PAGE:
tastes like chicken logo
 
print issues
subscriptions
podcasts
past interviews
staff
links


Over 3,500
articles archived!


vol 5 - issue 02 (oct 2002) :: untapped
UNTAPPED TALENT: JAY MUELLER
interview by darby o'gill

ONCE IN A GREAT WHILE, AN ARTIST COMES ALONG AND CHANGES THE WAY YOU LOOK AT LIFE. THEIR WORK FILLS YOU WITH SUCH GENTLE BEAUTY AND SPIRITUALITY, THAT YOU EMBRACE FRIENDS AND ENEMIES AS IF THEY WERE FAMILY. JAY MUELLER JUST MAKES GREAT FUCKING ART WITH CAMERAS, BLOOD, AND ANIMAL SKULLS. DARBY O'GILL MIKE-WALLACED JAY TO FIND OUT WHAT MAKES THIS ART HEARTTHROB TICK.

Darby: Well, Jay, what's been going on?

Jay: I just got back from my ten year high school reunion.

D: How did that go?

J: Good. One of my friends is a fireman now, and is dating a model. Just a lot of crazy shit.

D: Any big plans for this Halloween?

J: I actually have a show on Halloween night.

D: Where?

J: It's a fetish show that will also showcase artwork. The show is called Trauma, and it’s sponsored by Evolved Tattoo. It's going to be at the Red Zone in Columbus at 87 West Main Street. I also have a show in Chicago, and that opens the 19th of October and runs through November 16th.

D: Where in Chicago?

J: The Feitico Gallery at 1821 West North Avenue, in Chicago. They're open Thursday thru Saturday. I forgot what the hours are, but you can call for an appointment.

D: Man, you just get right to it, don't you? Not even two minutes in and you're plugging away. Any other plugs?

J: (laughing) I think that's it.

D: Then let's move on. You didn't always do photography. What were you doing at first?

J: Well, before I did photography, I wanted to work for the Muppets doing three-dimensional illustration. I had a job with a band called The Insane War Tomatoes, where I learned how to work with fiberglass, latex, and stuff like that. When I went to art school, I couldn't quite keep up with the techniques. I had a very different work ethic when I worked for the War Tomatoes; it was a little bit slower. At art school, I was required to take a photo class for my illustration degree, and I wasn't really digging the illustration class as much as I thought I would. I ended up falling in love with my photo class, and just went from there.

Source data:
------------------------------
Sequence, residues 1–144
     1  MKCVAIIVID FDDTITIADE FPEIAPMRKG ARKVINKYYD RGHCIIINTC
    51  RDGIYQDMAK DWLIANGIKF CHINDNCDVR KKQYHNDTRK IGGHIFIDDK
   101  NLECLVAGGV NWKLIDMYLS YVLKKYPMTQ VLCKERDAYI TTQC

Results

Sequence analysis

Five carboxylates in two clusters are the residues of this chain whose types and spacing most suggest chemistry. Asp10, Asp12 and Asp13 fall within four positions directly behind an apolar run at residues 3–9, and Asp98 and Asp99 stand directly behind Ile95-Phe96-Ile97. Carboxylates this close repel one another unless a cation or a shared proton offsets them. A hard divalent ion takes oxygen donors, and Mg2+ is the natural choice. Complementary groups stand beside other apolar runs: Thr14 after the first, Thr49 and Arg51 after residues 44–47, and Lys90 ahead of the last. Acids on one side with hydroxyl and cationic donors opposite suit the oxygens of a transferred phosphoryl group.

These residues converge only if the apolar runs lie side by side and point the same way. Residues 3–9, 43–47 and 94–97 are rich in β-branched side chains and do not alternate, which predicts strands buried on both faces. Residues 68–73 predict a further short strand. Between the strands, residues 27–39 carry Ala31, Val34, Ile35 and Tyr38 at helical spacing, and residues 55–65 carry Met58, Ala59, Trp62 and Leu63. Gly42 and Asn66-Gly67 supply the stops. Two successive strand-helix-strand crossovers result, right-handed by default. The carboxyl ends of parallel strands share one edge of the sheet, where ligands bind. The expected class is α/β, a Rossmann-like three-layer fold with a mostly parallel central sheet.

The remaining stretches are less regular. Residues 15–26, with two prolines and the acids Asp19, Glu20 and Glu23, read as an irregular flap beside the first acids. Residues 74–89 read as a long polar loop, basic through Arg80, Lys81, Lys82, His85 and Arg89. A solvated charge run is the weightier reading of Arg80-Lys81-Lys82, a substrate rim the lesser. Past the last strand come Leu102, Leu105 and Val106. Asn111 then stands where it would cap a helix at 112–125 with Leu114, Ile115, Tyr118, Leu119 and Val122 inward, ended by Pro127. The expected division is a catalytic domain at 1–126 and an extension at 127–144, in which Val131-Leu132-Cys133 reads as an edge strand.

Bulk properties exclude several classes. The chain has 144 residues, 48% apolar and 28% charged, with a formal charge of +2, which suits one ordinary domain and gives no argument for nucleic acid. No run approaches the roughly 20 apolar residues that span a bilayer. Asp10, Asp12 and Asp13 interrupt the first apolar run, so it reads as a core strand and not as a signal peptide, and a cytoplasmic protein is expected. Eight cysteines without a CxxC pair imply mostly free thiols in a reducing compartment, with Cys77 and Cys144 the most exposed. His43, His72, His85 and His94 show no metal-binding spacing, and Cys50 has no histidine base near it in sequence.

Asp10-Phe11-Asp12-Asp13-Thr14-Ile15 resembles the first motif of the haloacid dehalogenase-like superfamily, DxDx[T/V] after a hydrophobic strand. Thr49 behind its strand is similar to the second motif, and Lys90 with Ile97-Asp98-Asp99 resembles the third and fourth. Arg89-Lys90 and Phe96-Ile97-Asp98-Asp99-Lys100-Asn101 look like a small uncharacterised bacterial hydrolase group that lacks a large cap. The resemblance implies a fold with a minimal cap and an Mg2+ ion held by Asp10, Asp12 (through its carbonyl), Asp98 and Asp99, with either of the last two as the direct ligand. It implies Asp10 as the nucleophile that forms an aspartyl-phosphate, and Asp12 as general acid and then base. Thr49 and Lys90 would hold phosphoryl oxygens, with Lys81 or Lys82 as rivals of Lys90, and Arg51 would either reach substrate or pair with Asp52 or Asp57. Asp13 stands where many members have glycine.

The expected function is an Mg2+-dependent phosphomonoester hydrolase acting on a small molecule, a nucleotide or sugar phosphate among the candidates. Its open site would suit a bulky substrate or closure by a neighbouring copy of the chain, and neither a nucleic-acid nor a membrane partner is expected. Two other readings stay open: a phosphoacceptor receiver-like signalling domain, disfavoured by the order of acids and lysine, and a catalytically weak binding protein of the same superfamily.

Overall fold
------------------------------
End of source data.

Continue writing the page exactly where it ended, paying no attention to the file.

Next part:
D: Weren't you at one point going to go to clown school?

J: Yes. I really didn't know what to do after college, and my parents kind of wanted me to get a Masters in something, so I thought going to clown school as a graduate school would be fun. The only real purpose of that was to join the circus, but I don't think I could dedicate that much time to the circus.

D: Be honest. Weren't you going to go to clown school just so you could beat up mimes?

J: Well, you do as much as possible to make sure you can beat up mimes. That kind of goes without saying. I'm quite sure that they had some sort of mime combat class.

D: Your whole style has changed many times over the years. At first you started by doing portraits. But as it progressed you started doing more, well, “fucked up” photos is the only way I can describe it. Shortly after, you started using multiple prints of an image to make collage pieces. What was it that got you into doing the collage work?

J: Well, I didn't like just taking photographs. Before I got into photography, I was doing a lot of painting and illustration work. Because of all that, I don't think just making a photograph alone was doing it for me. That, and I think it also helps compensate for my poor photo skills. But that's not the main reason I did it. I just like to make it more interesting for myself. It also, in a way, makes it pretty enough for my parents to accept, due to the subject matter. I also like the dichotomy of making pretty looking pieces, with really strange subject matters, just with the nudes in general. I like adding more to the piece.

D: Also, most photography doesn't have an original piece, aside from the negative. Whereas with the way you produce your work, every piece is a one-of-a-kind original.

J: That sounds so much better than what I just said.

D: I was just saying they're collectable in that way.

J: You’re right! That's also another reason why I do it.

D: In addition to all of your photography, you also do a lot of body artwork that you create yourself.

J: My tattoos?

D: Yeah. And not only do you design all your own tattoos, but each one has its own special meaning, doesn't it?